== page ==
One of the most common questions we are asked is “When will interest rates rise?” In our view, higher rates are still a long way off, perhaps at the periphery of the two year crystal ball we keep at the office. One reason is because of the still fragile housing market and how a rise in rates could derail a still budding recovery in the housing market. We have said many times that we are not much concerned by the recovery in housing as a driver for the economy. Demographics and change in taste have dramatically altered the role of housing in our economy. New single family construction is now a $125 billion industry and even if it doubled, it would be less that 1% of GDP. Total residential investment may rise 10% this year adding 0.2% or so to GDP. Nice, but hardly a locomotive. Rather we are concerned about housing prices, because home values still represent the collateral for the bulk of loans in our banking system. As long as many mortgages remain underwater, banks will remain cautious and that limits economic growth.
Well, home prices are up 7% over the past year, so isn’t that a good thing? Obviously, but the question is why and will it continue? The reality is that home prices are up because interest rates are down. Mortgage rates have fallen roughly 10% over the past year, from 3.85% to 3.5% for thirty year conformable loans. The first thing to note is that the decline was only 35 basis points – but it made a big difference. So what would happen if interest rates reversed just those 35 basis points? Bottom line, it would not be helpful – never mind the 1% – 3% hikes some are looking for over the next couple of years. Most houses in America are still bought with a mortgage and the iron rule is that it is all about the monthly payment. If interest rates go up 10%, and your income is unchanged, then either the price must fall 10% or the deal does not get done. It is true that houses are more affordable than ever now because of low interest rates. Conformable loans now let you have a total debt ratio for housing, auto, credit card, student loan payments, etc. payments of 43% of income. A house worth 4X income at a 6% carry for PITI (principle, interest, taxes and insurance) would still allow almost 20% of income for other debt payments. It is a great time to buy a house – if you can make the down payment. Roughly half of loans are currently through FHA where down payments can still be 3%, but banks often require 20% on loans they will hold in their portfolio. Either way, a 7% increase in home prices means a 7% increase in the money needed for down payment – and at 20% of 4X income that means an additional 6% of income that had to be saved compared to last year for the same house. Sure, income went up 4% as well, but 2% of that was to offset inflation in everything besides housing (including rent) leaving little left to fund a housing boom.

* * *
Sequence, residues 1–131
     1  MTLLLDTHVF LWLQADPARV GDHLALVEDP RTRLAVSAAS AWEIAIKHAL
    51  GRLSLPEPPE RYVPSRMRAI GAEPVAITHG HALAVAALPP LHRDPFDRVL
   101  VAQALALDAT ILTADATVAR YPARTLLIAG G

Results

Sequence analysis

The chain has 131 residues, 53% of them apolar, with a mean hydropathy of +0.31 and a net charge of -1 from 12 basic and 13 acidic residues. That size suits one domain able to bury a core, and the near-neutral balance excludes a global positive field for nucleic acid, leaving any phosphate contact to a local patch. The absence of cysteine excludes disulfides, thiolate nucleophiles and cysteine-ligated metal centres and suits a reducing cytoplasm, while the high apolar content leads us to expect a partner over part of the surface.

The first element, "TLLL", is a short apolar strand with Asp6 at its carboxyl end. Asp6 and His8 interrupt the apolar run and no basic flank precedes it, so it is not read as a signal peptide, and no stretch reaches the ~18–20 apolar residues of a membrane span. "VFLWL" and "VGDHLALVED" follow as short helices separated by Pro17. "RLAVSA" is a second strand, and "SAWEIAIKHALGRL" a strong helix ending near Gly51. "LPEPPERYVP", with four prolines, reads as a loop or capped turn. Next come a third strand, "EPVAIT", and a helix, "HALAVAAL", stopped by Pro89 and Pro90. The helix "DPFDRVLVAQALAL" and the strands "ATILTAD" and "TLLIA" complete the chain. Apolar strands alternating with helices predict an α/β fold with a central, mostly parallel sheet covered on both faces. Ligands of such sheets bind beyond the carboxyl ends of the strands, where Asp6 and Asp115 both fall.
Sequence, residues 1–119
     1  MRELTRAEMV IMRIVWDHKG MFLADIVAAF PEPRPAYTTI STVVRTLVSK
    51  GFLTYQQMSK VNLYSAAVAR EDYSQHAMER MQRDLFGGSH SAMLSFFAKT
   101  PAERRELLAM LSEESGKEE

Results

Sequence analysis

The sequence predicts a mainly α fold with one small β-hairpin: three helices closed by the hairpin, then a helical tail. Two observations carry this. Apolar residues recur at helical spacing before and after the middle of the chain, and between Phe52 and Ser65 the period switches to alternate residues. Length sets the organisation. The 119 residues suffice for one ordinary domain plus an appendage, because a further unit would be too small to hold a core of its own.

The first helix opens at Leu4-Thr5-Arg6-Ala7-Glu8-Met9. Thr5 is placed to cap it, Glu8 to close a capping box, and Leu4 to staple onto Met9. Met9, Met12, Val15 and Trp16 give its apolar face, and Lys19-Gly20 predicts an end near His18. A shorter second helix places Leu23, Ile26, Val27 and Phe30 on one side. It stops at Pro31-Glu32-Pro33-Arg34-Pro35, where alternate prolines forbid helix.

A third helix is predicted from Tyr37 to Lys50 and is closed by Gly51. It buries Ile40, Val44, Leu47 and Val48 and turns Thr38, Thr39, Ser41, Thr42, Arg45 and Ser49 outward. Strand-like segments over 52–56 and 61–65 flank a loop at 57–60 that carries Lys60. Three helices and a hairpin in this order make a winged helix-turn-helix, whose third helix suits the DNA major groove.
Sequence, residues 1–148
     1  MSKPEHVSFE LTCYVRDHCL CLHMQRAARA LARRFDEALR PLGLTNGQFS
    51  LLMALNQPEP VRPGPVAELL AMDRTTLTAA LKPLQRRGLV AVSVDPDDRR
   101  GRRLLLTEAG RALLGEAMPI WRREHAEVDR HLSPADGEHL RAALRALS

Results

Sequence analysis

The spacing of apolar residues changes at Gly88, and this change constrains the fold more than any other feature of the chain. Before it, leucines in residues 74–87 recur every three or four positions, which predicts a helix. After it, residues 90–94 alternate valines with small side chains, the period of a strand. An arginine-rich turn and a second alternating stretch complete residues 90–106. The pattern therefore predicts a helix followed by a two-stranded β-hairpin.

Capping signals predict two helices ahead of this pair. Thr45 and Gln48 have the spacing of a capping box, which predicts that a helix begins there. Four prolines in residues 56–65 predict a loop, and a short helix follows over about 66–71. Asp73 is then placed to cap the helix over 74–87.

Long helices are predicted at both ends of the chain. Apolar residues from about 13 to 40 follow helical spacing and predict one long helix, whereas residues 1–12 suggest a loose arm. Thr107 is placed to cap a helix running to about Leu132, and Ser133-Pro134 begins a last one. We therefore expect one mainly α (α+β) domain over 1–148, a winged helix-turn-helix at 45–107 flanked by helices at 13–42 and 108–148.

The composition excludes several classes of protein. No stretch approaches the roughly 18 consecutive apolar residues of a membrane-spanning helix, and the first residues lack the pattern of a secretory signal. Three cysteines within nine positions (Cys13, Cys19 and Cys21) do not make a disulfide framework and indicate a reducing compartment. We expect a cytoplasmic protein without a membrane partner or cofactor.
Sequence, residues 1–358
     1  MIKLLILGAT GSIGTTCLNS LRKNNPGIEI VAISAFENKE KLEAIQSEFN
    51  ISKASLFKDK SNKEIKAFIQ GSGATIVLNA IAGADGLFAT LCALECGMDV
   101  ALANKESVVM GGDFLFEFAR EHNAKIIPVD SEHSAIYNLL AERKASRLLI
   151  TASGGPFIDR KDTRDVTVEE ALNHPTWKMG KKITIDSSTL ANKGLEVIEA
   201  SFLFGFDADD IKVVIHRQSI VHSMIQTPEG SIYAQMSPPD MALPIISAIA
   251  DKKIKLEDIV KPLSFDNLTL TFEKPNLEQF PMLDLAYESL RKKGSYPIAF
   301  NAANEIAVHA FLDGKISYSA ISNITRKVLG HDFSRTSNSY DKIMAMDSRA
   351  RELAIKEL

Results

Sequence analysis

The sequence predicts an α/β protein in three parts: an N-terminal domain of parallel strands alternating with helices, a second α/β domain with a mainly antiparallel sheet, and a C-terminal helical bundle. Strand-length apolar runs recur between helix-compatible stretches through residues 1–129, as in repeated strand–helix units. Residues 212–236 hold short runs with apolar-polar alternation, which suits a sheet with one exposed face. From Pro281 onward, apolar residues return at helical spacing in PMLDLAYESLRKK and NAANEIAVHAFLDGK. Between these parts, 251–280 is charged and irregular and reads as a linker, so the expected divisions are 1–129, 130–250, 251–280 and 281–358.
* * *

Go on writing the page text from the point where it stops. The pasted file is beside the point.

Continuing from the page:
Lots of the concern about rising rates is about what will happen to the Fed’s expanded balance sheet and the consequences for future monetary policy. A 1% rise in long rates hits a $3 trillion largely long term asset portfolio pretty hard. However, the Federal Reserve does not mark to market. Our concern is about what a 1% rise in long term rates does to the balance sheet of the banking system. At 1% higher rates (based on a 6% PITI carry) the monthly goes up 15% (lower principal payments cushion the blow a bit). Unless income growth is screaming or Americans renew their love affair with housing by committing a far bigger share of income to purchases – neither of which seems likely – sales will collapse and home prices will fall. The banks are levered investors in fixed income assets. A 1% rise in rates which causes a 1% fall in home price has a much bigger impact on bank capital – especially when more than a quarter of their portfolio is already underwater.
QE was designed to inflate asset values and none more targeted than home values – why else would you buy mortgage backed agency paper but not student loans? We see little chance the Fed allows interest rates to rise before the banking systems balance sheet is growing fast enough that it is accelerating loan growth. That loan growth will lead to jobs and a lower unemployment rate – and given the Fed’s dual mandate that is how the wording goes in public. But the Fed is the custodian of the banking system, and that system lives and dies today based on seemingly small basis point changes in rates that amount to big percentage shifts in capital. That is why we expect that when rates rise they will only grind higher – though perhaps with greater volatility as the financial markets over react to every modest improvement in the economy.